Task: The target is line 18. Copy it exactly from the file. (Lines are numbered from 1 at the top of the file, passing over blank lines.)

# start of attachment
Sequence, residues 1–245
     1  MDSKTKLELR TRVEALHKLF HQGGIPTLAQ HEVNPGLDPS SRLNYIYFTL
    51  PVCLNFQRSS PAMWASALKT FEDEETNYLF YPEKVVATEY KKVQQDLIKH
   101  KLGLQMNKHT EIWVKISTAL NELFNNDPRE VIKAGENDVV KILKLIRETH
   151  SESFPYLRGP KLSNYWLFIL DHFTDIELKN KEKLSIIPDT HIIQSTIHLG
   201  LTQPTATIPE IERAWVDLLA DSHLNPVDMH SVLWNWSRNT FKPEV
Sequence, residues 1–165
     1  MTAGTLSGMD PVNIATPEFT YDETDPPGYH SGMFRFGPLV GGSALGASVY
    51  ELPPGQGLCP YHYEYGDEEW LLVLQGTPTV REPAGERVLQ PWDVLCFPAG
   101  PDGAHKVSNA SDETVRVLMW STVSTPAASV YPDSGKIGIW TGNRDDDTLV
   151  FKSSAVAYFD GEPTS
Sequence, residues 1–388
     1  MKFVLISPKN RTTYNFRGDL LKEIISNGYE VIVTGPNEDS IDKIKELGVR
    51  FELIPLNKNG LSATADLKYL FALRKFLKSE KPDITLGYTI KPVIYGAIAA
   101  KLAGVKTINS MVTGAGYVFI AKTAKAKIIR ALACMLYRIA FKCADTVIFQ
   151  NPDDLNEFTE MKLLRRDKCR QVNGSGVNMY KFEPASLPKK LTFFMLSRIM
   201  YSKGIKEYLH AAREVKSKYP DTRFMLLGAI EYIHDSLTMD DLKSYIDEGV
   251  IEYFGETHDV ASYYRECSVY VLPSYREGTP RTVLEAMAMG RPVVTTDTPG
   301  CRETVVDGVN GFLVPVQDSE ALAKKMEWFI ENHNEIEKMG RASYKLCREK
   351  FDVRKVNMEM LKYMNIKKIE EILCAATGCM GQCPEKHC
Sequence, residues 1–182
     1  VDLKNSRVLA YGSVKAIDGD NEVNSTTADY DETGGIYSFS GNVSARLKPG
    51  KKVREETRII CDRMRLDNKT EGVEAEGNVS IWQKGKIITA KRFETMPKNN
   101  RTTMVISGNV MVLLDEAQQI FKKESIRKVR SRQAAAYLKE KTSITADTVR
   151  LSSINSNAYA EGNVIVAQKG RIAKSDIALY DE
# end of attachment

   251  IEYFGETHDV ASYYRECSVY VLPSYREGTP RTVLEAMAMG RPVVTTDTPG